About a month ago, we reported on a retraction by Pamela Ronald, of the University of California, Davis, and colleagues. We noted then that this was a case of scientists doing the right thing. Ronald contacted us after that post ran, and let us know that there would be another retraction shortly. That retraction notice has now appeared, in Science:
AS A RESULT OF ADDITIONAL EXPERIMENTS IN P.C.R.S AND S.W.-L.S LABORATORIES, WE WISH TO retract our 2009 Report, A type Isecreted, sulfated peptide triggers XA21-mediated innate immunity (1). Specifically, we have not been able to consistently reproduce the results shown in Figure 3. We have also discovered critical errors in Figures 2 and S3. The strain PXO99∆ax21, used in Figure 2, was mixed up with another strain (PXO99∆raxSt). When we repeated the experiment with the validated PXO99∆ax21 insertion mutant, this strain is still avirulent on Xa21 lines. These results indicate that this insertion in Ax21 does not abolish the ability of PX099 to trigger XA21-mediated immunity. Regarding fi gure S3, by using more sensitive methods, we have discovered that Ax21 is also secreted in the mutant strains PXO99∆raxA and PXO99∆raxC. Although we recognize that some parts of this paper may remain valid, we note that key parts of the work depend on the results of Figures 2 and 3. For these reasons, we retract the main conclusion of the paper that a type Isecreted, sulfated peptide triggers XA21-mediated innate immunity.
The paper has been cited 131 times, according to Thomson Scientific’s Web of Knowledge.
In a blog post at Scientific American timed for the publication of the notice today, Ronald explains what happened. Excerpt:
For me, there was never any question that I would correct the scientific record if we had made a mistake. The bigger challenge was confirming that we really had made mistakes and generating sufficient evidence to warrant full retraction of the papers.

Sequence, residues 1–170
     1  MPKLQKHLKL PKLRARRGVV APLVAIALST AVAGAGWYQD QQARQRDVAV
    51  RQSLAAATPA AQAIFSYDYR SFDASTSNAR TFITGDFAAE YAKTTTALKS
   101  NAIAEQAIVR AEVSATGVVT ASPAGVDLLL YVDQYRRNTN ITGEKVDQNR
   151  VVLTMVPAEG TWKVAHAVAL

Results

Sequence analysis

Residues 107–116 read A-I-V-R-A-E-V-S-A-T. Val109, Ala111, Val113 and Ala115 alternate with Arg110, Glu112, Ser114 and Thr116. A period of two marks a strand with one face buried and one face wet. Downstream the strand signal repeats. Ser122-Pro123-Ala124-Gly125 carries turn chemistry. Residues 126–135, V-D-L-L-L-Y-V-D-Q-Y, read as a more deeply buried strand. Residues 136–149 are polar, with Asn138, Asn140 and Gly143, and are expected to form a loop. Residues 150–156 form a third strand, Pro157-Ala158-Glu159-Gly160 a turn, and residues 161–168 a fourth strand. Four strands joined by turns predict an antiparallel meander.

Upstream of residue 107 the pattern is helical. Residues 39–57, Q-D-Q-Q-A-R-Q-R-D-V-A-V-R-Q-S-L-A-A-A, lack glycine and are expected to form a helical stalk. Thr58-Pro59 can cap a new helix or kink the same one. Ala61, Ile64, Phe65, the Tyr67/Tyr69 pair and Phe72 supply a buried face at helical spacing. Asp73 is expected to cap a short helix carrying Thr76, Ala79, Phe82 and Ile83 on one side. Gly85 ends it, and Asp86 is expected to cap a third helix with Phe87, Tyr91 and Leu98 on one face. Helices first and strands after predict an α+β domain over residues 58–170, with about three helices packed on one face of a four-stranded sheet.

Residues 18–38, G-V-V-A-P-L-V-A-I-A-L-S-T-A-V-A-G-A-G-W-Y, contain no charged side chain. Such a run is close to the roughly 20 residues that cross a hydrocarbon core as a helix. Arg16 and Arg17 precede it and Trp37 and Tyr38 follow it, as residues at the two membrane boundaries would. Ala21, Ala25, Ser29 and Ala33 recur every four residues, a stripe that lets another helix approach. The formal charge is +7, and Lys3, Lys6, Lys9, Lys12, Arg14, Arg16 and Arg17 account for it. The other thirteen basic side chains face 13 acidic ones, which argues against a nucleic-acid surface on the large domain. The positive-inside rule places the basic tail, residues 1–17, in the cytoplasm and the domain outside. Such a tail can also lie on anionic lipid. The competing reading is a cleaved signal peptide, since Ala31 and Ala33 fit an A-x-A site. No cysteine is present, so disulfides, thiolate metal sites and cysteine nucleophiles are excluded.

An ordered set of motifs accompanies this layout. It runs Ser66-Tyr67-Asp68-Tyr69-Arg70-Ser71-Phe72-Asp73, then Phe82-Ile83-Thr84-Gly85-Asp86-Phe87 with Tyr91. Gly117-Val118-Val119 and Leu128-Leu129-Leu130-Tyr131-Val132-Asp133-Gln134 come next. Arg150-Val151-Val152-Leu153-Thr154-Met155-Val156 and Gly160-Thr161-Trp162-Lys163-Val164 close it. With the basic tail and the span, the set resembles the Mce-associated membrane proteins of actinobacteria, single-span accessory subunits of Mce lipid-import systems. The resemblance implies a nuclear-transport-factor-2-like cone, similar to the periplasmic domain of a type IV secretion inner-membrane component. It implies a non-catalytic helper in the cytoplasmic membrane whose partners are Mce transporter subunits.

There were two important factors to consider. A delay in the retraction would waste the time of my colleagues who wanted to replicate our assays and build on our work. But publishing a hasty retraction with insufficient evidence would be equally counterproductive. I therefore needed to figure out how to strike the right balance between getting the answer right and getting the word out that our research may be flawed. I discussed these issues with the journal editors early in the process. They agreed that caution was important and graciously allowed us ample time to carry out further experimentation. Although at first I planned to repeat all 25-plus experiments in the papers, it soon became clear that this would be impossible to accomplish within a reasonable time frame. In April, at an international plant immunity meeting, I announced that we had made errors, that we were questioning some of our conclusions, and that I was working with the journal editors to publish a statement as soon as possible.
Sorting out the situation was personally and professionally painful for all involved. Instead of advancing the science in new directions as we’d planned, it was necessary to backtrack: re-isolate bacterial strains, optimize greenhouse conditions, and repeat experiments. Former lab members who had begun new positions as professors in Korea and Thailand were devastated to learn that the researchers in my lab could not repeat their work. Junior scientists in the laboratory worried their careers would be tarnished, and understandably did not want to spend too much time on the “clean-up” operation. I therefore assigned the bulk of the work of replication to experienced, highly qualified staff scientists, which took time away from their own projects but helped the junior scientists move to projects that were not affected by errors. It took persistence, courage and confidence to stick together as a team throughout this challenging year. I am proud that we were able to do this.
The process even touched our families. My 6th grade daughter sent me an email with this subject line: “Everyone makes misktakes” and linked to a relevant story she had found in the news: Helium, not so super after all!
Ronald writes that the team will soon report the latest results in the Ax21 story. The whole post is definitely worth a read.